But for those whose fancies take flight when the wind is just right, the balloons are still The Real Deal.

Here are some shots I got of the activities this past Saturday.

There is, of course, the group shot of balloons filling the sky:

..but what really interested me was the process  of getting those things up there.  It starts with the balloons spread out on the ground, with large fans filling them enough to make room for the flames of their engines.  The owners of a few were kind enough to let me get inside for a few shots:

The balloon fills and lifts ’till most of it is off the ground:

A different balloon, but I liked the geometry of that shot.

Eventually there’s enough room for the propane engines to do their thing (and that’s my cue to exit):

The whole works tilt upward with increasing urgency:

…’till it fills taught with the expectation of flight:

Then the paying passengers get on board for a memorable evening’s traverse of the valley, and they’re off:

…soaring above the festival and leeward bound!

Thanks to all of the pilots who let me horn in on their day in the sun, and to those who stuck around for the night-time illuminations:

And thanks to you all for sharing my weekend at the Green River Music and Balloon Festival!

(That’s their faithful mascot gracing the stage canopy at closing time.)

Green River Music And Balloon Festival! July 19, 2011

Posted by littlebangtheory in music.
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6 comments

Last weekend saw the 25th Annual Green River Music and Balloon Festival, with spectacular weather and superb weather.  The crowd was huge, filling an upper field by the main stage with tents and umbrellas:

…and a lower field with two more stages and a whole lot of Frisbees:

I timed my arrival to see the amazing NRBQ, a band from my youth, here reincarnated and cookin’:

…with the irrepressible Terry Adams at its helm:

For forty-plus years I’ve been blown away by his open-hand-and-forearm piano playing – he fronts a highly regarded  jazz band in NYC, so it’s not for lack of virtuosity that he plays rock that way.  He’s just… crazy!

There were also great sets by Black Joe Lewis and the Honey Bears:

…who tore it up on guitar, backed by a horn section which kicked butt.

Another great act was The Carolina Chocolate Drops, four kids who played an amazing blend of Americana and more modern stuff, including an air-bass-playing beat boxer:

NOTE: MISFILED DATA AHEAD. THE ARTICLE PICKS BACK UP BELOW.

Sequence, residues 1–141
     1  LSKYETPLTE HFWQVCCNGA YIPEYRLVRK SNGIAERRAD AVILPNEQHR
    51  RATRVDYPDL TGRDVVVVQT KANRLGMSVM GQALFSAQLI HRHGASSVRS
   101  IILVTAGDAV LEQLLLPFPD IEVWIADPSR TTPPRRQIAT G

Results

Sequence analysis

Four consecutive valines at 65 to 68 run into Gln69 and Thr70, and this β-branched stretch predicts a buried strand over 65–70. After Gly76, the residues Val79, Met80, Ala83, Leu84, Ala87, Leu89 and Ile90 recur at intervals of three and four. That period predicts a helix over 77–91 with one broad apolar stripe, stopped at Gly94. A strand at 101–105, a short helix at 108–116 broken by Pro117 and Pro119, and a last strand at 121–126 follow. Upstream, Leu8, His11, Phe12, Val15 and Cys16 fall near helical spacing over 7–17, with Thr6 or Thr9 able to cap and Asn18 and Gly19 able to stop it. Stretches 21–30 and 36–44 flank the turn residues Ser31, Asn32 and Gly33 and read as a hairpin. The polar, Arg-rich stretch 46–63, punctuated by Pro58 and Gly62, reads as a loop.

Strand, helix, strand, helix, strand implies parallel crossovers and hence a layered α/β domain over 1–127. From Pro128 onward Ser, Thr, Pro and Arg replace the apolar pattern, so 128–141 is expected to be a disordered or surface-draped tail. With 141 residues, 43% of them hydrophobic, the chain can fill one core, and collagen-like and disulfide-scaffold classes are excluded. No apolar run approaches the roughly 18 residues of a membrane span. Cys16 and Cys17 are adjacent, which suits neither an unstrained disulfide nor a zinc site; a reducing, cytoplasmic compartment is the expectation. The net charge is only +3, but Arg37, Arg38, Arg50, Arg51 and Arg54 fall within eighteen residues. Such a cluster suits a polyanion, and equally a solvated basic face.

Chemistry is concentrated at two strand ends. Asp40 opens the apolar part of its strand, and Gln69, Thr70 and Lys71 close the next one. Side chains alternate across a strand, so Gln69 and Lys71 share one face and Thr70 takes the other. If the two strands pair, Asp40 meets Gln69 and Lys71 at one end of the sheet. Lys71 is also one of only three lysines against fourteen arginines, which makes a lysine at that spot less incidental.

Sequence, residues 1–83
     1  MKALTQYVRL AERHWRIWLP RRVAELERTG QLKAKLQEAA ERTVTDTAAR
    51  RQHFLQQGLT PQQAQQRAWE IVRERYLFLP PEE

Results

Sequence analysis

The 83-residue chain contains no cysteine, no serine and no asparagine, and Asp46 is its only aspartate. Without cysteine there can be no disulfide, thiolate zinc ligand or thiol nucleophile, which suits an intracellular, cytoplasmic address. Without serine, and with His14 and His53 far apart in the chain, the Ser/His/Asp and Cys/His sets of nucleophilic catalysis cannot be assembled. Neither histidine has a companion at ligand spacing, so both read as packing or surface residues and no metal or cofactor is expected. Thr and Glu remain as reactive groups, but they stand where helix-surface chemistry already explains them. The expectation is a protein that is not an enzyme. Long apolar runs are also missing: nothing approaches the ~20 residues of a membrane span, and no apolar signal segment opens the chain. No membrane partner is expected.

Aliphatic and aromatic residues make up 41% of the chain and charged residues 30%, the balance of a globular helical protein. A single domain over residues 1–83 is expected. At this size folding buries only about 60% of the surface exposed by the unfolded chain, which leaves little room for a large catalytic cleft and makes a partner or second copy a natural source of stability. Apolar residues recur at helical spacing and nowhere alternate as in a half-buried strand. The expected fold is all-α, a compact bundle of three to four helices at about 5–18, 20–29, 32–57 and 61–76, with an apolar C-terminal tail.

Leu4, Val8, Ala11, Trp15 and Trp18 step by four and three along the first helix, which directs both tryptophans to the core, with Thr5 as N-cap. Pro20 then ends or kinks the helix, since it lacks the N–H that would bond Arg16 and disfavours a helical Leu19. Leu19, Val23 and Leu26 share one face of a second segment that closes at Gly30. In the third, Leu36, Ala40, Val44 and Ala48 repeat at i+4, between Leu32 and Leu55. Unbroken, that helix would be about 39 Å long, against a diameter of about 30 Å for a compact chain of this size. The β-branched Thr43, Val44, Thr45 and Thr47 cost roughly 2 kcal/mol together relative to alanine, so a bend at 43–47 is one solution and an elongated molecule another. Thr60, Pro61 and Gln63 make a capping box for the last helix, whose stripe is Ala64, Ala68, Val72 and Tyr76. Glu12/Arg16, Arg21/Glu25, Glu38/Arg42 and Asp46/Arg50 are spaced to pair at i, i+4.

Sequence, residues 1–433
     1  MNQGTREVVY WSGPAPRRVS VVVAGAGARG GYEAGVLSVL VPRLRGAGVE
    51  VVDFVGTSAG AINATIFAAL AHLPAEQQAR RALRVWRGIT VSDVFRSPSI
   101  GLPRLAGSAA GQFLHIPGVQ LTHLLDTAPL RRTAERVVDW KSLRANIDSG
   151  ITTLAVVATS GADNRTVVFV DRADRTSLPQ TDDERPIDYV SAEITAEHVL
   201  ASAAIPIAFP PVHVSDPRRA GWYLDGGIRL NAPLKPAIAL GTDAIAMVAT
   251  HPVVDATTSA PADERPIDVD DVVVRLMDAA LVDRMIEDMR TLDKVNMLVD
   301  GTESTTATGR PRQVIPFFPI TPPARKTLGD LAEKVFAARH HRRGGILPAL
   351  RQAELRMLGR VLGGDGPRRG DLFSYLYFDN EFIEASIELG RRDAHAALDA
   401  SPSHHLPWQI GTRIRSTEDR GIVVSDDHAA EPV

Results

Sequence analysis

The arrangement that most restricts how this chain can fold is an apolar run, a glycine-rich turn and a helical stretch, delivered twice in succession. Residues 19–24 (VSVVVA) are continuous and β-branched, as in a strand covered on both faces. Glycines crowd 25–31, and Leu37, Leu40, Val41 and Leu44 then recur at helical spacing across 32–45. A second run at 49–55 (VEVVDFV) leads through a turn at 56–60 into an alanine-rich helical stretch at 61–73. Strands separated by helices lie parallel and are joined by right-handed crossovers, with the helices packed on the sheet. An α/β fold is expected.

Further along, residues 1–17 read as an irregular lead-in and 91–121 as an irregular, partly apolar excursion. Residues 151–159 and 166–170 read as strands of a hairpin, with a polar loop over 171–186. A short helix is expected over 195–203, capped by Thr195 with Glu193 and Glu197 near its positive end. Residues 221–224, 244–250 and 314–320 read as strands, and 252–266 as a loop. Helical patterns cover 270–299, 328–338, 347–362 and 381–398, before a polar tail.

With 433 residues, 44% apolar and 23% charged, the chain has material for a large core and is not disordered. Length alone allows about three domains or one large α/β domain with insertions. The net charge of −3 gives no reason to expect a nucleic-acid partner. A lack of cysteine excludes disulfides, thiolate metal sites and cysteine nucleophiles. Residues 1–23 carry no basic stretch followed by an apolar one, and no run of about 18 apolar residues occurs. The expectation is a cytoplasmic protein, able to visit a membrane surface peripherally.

…along with banjo, fiddle, jug, bones, washboard and more, and gorgeous ensemble vocals led by a beautiful young lady:

Highly recommended, if you get the chance.  😉

Also fun was Miss Tess and the Bon Ton Parade, featuring Miss Tess on vocals and guitar:

…and her sidekick, the Sweet and Lowdown:

She smoked!  (Figuratively, of course.)

The afternoon was punctuated by a children’s parade with a New Orleans theme:

…and lots of little kids and Mommies:

The three stages offered far more music than any one person could take in, but I tried – Locos Por Juana laid down some smoking Salsa in the dance tent, driven by a great trombonist:

Rosie Ledet and her Zydeco Playboys had the place jumping:

And to top it all off (for Saturday,  at least!) Toots and the Maytals brought the house down.

That’s Toots:

…and the Maytals:

I last saw Toots and the Maytals when I was in college, and I’ve never forgotten his high-energy show.  Amazingly, he’s still got that vibe, and a great band of old dust-farters who were probably with him since the early Seventies  (except for the ladies, who were a good deal younger.)

The night shots pushed my box to ISO 4000, but I think the results are a lot better than last year.  I was ruthless about getting in there and working the angles with Ollie, my 24-105mm L-Series lens.  Thanks, Ollie.  😉

I split during Toots’ encore, hoping to beat the traffic, but unfortunately enough others had that idea that it still took me an hour to get on the road!

Sunday was another full day of music culminating in a set by Emmylou Harris, but I could only afford one day.  Let’s just assume that it was equally fun.

Next time I’ll have some hot air balloon pics for you, but for tonight, that’s it.

G’Night!  🙂

Balloons. December 7, 2009

Posted by littlebangtheory in Uncategorized.
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I guess I better post these photos sooner rather than later, as there’s snow on the ground now and likely more where that came from, so they’ll look a little silly when the rest of my world turns white.

Last weekend, from the top of Mount Sugarloaf in South Deerfield, Massachusetts, looking south toward Amherst and the University of Massachusetts:

It was a good night for flying, and the balloons were out:

I didn’t have the lens I wanted for this, but then, one can’t have everything.

Another shot:

This one really does convey the feeling of floating above the reality of a Western Massachusetts landscape.  I’m kinda fond of this photograph.

……………………………………………………………………………………………………………..

Anyway, today it’s turned white; winter’s coming.  I feel it.  I see it.  I’m looking forward to it, consciously, perhaps mostly because of its inevitability.  I find myself to be not inclined to fight the passage of time, but rather to experience it as an external aspect of life which might or not be appreciated, as the observer chooses.

I choose to appreciate winter.  Doing so extends my participation in the world considerably.